If you're a frequent reader of this site, you might remember how in August we covered the baffling McChicken trending video. That video, an extremely NSFW clip of a man masturbating with a chicken sandwich, made it onto the Facebook feeds of millions — all thanks to the platform's new method for highlighting trending news stories.
It's no coincidence that this video went viral right after Facebook fired its entire editorial team. Before August 26th, news stories that appeared in users' feeds were curated by a team of human editors. On that date, Facebook summarily and unceremoniously fired all of them.
At the time, sites like the Guardian pounced on Facebook's decision, which quickly led to fake stories (like one reporting Megyn Kelly had been fired from Fox News), disgusting stories (like the McChicken video), and fake, disgusting stories (like 9/11 conspiracy theories) reaching user feeds.
Facebook apologized and promised it was "working to make our detection of hoax and satirical stories quicker and more accurate," according to a statement from VP of global operations Justin Osofsky made to CBS News.
But, according to an investigation by the Washington Post, Facebook has failed to keep its promise.
The investigation, run by WaPo's Intersect team, uncovered a number of misleading, inaccurate, and downright fake stories being promoted to the Facebook feeds of Intersect members. "On top of that," writes the Intersect team, "we found that news releases, blog posts from sites such as Medium and links to online stores such as iTunes regularly trended."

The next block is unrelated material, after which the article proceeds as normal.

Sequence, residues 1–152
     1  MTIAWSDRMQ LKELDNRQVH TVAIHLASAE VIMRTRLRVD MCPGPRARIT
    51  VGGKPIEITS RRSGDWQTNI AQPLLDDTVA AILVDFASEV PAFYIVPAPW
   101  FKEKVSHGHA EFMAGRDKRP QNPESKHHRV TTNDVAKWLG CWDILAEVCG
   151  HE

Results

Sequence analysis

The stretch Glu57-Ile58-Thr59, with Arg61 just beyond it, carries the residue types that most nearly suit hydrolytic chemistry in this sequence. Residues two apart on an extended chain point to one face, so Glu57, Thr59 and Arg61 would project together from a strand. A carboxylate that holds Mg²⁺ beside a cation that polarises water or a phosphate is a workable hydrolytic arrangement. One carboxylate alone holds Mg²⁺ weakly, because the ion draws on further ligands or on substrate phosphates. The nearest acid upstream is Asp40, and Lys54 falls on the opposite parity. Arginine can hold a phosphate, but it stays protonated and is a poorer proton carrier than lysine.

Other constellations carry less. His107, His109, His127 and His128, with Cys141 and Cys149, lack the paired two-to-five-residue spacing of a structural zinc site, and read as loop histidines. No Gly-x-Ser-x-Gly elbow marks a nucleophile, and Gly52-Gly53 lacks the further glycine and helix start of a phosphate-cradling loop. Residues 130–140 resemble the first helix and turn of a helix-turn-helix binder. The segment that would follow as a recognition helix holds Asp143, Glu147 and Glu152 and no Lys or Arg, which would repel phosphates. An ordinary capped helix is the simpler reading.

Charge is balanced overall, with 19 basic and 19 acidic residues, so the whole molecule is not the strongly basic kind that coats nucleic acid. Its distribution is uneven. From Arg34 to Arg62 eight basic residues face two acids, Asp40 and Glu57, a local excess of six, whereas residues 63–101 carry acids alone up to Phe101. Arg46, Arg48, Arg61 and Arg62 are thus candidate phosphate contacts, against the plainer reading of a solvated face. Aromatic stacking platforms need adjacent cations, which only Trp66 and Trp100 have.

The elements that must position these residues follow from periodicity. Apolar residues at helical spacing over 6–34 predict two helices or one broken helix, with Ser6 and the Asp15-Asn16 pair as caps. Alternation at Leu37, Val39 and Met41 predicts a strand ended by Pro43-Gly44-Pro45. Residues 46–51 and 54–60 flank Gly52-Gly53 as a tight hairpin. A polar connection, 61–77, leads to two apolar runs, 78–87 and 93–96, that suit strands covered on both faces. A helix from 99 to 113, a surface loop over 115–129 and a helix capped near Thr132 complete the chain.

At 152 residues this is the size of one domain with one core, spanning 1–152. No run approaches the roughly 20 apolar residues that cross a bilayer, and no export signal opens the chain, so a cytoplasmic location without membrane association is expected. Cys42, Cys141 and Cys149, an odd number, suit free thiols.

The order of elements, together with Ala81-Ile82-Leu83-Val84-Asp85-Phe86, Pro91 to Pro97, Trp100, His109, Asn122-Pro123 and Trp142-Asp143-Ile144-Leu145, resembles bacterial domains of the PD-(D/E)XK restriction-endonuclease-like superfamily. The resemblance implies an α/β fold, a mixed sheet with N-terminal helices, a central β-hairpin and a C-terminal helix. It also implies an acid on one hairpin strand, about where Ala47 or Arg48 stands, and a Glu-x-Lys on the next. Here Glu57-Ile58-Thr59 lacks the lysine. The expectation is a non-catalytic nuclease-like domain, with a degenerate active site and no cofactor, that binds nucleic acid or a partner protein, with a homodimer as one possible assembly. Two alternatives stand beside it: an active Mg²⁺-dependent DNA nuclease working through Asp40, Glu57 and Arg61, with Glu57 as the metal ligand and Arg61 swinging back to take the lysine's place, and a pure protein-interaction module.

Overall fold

The reason for all this is simple: Facebook's trending algorithm simply doesn't do as good a job as human editors do. According to the Post's report, human editors at Facebook were instructed to independently verify topics that the algorithm brought to their attention before pushing them to feeds. Once the editors were fired, engineers "were told to accept every trending topic linked to three or more recent articles, from any source, or linked to any article with at least five related posts."
In other words, no one's at the wheel, and the system is easy to game. The fact that Facebook has until now avoided a full-on catastrophe of users falling for a potentially harmful fake news story has more to do with luck than anything else.
For what it's worth, Facebook VP of product management Adam Mosseri has claimed that Facebook plans to add filtering tech to the Trending algorithm that "guesses" about content being fake or satirical in the same way that users' main feeds do. But based on the Post's report, the technology clearly isn't there yet.
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